Haryana Chief Minister Manohar Lal Khattar has said that the state government will ensure that farmers from other states do not benefit from selling their produce in the state, NDTV reported on Tuesday. This contravenes the farm laws passed last week by the Centre, which promises barrier-free trade at markets and prices of the farmer’s choice.
Khattar, a Bharatiya Janata Party leader, said at a virtual press briefing that Haryana has to take care of its farmers and it “doesn’t have to worry about farmers of other states”. He refused to procure crops from other states.
“We will ensure that the maize and bajra of Haryana farmers are completely bought,” Khattar said. “We won’t let it happen that farmers from other states will benefit by selling it in our state. We have to care about the farmers of our state. We don’t have to worry about other states.”
Khattar said Congress-ruled states like Punjab and Rajasthan have not been procuring crops like maize and bajra on the minimum support price, forcing farmers from those states to sell their produce in Haryana.
“The Congress is making it political,” Khattar alleged. “But I have a question for them. Why are their governments in Punjab and Rajasthan not doing this [procuring maize and bajra]? We will not procure maize and bajra from other states because it’s us who [will] incur the losses. This is the share of the farmers of Haryana.”
On Monday, authorities in Haryana stopped farmers from Uttar Pradesh from entering Karnal district to sell their paddy crop at government-run wholesale markets, in contravention on the farm bills, passed on September 27. The order was issued by Karnal Deputy Commissioner of Police Nishant Yadav.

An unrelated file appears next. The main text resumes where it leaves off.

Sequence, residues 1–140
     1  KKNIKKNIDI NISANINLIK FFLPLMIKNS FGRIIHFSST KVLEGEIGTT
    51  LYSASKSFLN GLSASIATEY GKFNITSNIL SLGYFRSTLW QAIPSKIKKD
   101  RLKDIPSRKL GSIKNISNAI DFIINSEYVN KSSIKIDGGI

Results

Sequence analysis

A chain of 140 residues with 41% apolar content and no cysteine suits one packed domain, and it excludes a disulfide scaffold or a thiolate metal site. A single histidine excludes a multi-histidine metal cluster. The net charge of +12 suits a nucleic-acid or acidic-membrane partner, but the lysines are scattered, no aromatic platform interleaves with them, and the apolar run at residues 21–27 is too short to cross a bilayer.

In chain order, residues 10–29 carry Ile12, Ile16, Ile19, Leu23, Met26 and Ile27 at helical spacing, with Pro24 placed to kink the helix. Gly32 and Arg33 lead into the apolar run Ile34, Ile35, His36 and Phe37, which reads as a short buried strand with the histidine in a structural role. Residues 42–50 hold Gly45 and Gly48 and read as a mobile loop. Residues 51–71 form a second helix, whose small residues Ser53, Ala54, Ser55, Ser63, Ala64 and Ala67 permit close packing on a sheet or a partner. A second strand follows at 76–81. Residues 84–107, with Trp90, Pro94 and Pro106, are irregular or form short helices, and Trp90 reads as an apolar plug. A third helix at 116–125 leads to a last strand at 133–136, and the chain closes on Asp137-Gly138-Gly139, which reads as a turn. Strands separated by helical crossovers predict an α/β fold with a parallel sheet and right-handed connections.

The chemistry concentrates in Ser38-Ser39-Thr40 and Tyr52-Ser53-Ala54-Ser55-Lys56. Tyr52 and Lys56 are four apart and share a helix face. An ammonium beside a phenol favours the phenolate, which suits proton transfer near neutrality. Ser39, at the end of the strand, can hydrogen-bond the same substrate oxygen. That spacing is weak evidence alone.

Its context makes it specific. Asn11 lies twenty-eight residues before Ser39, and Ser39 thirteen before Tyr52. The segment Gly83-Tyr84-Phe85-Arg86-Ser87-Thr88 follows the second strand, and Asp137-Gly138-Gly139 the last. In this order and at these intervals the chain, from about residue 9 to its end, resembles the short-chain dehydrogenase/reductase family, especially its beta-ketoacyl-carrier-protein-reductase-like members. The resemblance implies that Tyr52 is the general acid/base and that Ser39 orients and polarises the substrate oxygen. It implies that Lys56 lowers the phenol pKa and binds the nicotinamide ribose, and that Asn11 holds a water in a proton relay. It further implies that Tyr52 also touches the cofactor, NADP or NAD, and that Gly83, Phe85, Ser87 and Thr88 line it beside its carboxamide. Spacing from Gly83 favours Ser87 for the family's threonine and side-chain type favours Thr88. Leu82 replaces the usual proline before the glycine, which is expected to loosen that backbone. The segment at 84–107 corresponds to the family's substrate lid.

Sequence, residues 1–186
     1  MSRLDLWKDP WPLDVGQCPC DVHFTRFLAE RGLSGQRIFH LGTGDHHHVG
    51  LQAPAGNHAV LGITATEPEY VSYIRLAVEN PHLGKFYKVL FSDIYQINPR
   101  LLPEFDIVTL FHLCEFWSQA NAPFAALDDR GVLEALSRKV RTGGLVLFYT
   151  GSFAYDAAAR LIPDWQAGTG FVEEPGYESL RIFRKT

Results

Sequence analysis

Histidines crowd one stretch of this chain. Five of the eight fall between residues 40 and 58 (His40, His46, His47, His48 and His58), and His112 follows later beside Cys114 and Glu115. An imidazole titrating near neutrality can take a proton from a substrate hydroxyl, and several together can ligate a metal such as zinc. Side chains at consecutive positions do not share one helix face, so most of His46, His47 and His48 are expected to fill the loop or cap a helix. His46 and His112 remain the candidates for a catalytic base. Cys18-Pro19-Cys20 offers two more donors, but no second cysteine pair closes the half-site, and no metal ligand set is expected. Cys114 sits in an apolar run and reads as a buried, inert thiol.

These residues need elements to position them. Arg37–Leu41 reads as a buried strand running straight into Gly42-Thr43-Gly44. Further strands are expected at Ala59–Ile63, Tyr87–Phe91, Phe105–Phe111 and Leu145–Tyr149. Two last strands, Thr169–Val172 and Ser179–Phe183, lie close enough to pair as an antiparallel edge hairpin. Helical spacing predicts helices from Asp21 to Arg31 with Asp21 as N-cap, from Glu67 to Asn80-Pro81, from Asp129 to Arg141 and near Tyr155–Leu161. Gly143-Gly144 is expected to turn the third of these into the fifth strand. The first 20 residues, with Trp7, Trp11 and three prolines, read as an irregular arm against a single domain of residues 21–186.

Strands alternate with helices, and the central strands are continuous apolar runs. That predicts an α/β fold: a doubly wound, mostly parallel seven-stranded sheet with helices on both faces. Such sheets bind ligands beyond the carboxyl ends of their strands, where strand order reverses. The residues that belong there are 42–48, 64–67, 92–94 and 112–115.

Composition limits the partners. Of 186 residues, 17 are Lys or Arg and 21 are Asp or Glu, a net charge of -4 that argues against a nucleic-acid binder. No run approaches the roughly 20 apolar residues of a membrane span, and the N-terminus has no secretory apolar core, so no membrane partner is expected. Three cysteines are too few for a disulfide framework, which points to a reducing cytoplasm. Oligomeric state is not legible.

On September 22, Haryana Deputy Chief Minister Dushyant Chautala said the farmers’ opposition to the agriculture bills was based on a “misunderstanding”. He said the rumour that the bills, now laws, would do away with the minimum support price for crops was false.
The farm laws and protests
The Farmers’ Produce Trade and Commerce (Promotion and Facilitation) Bill, the Farmers (Empowerment and Protection) Agreement of Price Assurance and Farm Services Bill and the Essential Commodities (Amendment) Bill were cleared by Parliament last week amid protests from the Opposition. President Ram Nath Kovind gave assent to the bills on September 27, after which they became laws.
There have been massive protests against the three farm laws in Punjab and Haryana, two states considered “grain bowls” of the country. The protests have been backed by most Opposition parties. Farmers and traders have been vehemently opposing the new bills, alleging the government wants to discontinue the minimum support price regime in the name of reforms.
Critics say that these new agricultural policies would lead to farmers losing out on guaranteed purchase prices for their crops, to the benefit of large corporations.